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TSH Levels Explained

By Gary Wickman | Medicine | Rating:

TSH Levels stands for 'Thyroid Stimulating Hormone Levels', and for anyone suffering with thyroid problems such as hyperthyroidism (an over active thyroid) or hypothyroidism (an under active thyroid), understanding precisely what these are and how they work is very useful for understanding their condition. However this is not always easy as there is quite a lot of conflicting information out there and it is quite a confusing subject in general. Here we will examine what TSH Levels are, and how they affect your health and thyroid all in plain old English so that you can understand what you need to know.

What Your Thyroid Does

Before we can examine what TSH levels do, we should look first at what your thyroid itself does and how it interacts with your overall health. The thyroid is a gland that resembles a butterfly in shape that is positioned low down at the front of the neck below the Adam's apple on the wind pipe. You shouldn't be able to feel this, though in some cases when the gland becomes swollen you can.

The job of your thyroid is to regulate your metabolism. If you've ever heard any one referring to having a slow metabolism (lethargic, overweight) or a fast metabolism (hyperactive, underweight, goes to the toilet a lot) then you will know what this means. Essentially your thyroid is in charge of your metabolism and your anabolism and this means that it both builds tissue and burns fat and glucose for energy. In other words it regulates every cell in the body to do its job in producing and using energy, and in rebuilding the damaged tissue around the body. This has many other impacts on the body, such as controlling your body temperature, your weight, your heart rate and more.

If you take stimulants such as caffeine or the thermogenics marketed for weight loss, then these work by speeding up aspects of your metabolism (the catabolic aspect) and thereby burning more fat, providing you with more energy, increasing your heart rate and raising your body temperature. As you can imagine having too fast a metabolism (hyperthyroidism) isn't a good thing as you will constantly burn yourself out and be left tired and lethargic, but having too slow a metabolism meanwhile will leave you feeling exhausted and tired as a result of your body not using the energy in your food and in your fat stores, so this will mean you end up gaining weight too.

The other aspect of your metabolism is anabolism, which bodybuilders or athletes might artificially (and illegally) stimulate with anabolic steroids. These steroids cause you to build more muscle, heal and repair wounds, and to feel a powerful drive and determination. If your thyroid isn't doing this for you then and is under-active, then you'll also find that you get dry hair and skin, that wounds take a long time to heal and that you feel a lack of drive and determination.

How does your thyroid regulate all this? By producing hormones which we know as T4 and T3. An overactive thyroid produces too much of these, and an under active one doesn't produce enough.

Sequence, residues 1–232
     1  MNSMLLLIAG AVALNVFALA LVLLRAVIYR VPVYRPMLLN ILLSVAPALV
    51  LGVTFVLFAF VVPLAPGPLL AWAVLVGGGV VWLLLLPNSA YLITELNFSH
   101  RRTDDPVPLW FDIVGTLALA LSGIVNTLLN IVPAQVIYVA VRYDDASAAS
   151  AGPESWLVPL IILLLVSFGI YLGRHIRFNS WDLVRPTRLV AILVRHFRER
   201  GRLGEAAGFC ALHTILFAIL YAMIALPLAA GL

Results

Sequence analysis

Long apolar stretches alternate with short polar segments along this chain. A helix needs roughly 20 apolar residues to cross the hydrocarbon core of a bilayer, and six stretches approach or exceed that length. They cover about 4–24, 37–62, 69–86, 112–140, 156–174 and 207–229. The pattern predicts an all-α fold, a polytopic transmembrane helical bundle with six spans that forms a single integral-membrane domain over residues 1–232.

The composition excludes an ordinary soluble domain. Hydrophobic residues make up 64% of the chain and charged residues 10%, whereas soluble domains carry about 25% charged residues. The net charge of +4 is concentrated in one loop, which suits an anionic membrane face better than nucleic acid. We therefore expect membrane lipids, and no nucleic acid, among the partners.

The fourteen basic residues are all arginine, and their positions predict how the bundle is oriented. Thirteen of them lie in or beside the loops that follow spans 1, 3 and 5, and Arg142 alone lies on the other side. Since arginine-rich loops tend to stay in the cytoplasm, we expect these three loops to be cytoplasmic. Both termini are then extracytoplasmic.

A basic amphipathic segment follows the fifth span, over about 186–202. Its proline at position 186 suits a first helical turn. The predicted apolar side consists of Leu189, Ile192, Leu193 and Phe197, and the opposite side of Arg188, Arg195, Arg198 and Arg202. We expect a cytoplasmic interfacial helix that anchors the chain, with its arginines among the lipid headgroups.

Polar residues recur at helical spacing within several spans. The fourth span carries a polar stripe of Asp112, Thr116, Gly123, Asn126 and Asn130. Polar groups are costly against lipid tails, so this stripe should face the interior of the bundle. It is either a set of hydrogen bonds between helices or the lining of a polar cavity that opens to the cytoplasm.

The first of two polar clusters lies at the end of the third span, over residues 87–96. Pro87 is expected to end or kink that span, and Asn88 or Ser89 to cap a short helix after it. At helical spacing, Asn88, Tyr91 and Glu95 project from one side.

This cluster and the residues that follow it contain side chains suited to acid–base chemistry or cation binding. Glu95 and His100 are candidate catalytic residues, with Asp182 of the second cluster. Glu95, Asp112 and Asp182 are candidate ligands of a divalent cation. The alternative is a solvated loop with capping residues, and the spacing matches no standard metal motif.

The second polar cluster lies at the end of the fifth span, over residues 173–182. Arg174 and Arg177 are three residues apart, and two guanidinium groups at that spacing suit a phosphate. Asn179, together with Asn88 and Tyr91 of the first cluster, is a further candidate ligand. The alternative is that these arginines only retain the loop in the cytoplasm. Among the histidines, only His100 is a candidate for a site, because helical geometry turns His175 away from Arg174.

How TSH Levels Work

The job of TSH levels then is to stimulate the thyroid in order to produce T3 and T4. If you don't have enough of these TS hormones then, that means that your thyroid won't produce the T3 and T4 and consequently your metabolism will drop. Too much of them meanwhile and you'll burn up. So where do these TS hormones come from? Well they too are produced by a gland, this time the 'pituitary gland' which is tasked with the job of telling the thyroid when to work.

In other words then there is another potential cause for an under active or overactive thyroid other than simply having a damaged thyroid it can also be a result of an incorrectly functioning pituitary gland. Many people will overlook this possibility and immediately jump to the conclusion that they have thyroid problems and not think of this alternative problem.

Diagnosing TSH Levels

However some doctors will cotton on to the fact that the fact that the pituitary gland is responsible. While diagnosing your thyroid problems they will look at the thyroid gland for enlargement, will test the heart rate and blood pressure, and will also try to ascertain the functionality of the pituitary gland.

One way they will achieve this is by testing the amount of TSH in the blood by doing a blood test. TSH levels in the body are used to tell the thyroid when it needs to act more and when it needs to act less. So if there are very high amounts of TSH in the blood this suggests that the thyroid is under active because the body has had to produce a lot of TSH in order to get the thyroid to jump into action. Meanwhile very low amounts of TSH suggest an overactive thyroid. In other words, the pituitary gland tries to compensate for the over-or-under activity of the thyroid by producing more TSH, and so it can be used as an indicator of the thyroid.

Treatment

So how is this treated? Well for hypothyroidism the pill used is levothyroxine which will attempt to balance the production out again. Doctors may also prescribe T3 and T4 directly in order to compensate for the low production of these hormones by the thyroid. The latter is of course more suited to cases of thyroid problems where the cause is not the TSH levels.

For hyperthyroidism on the other hand, drugs are used that can block T3 and T4 such as methimazole or propylthiouracil, or radioactive iodine treatment will be used in order to actually destroy some thyroid cells to prevent it from overproduction.





Gary Wickman

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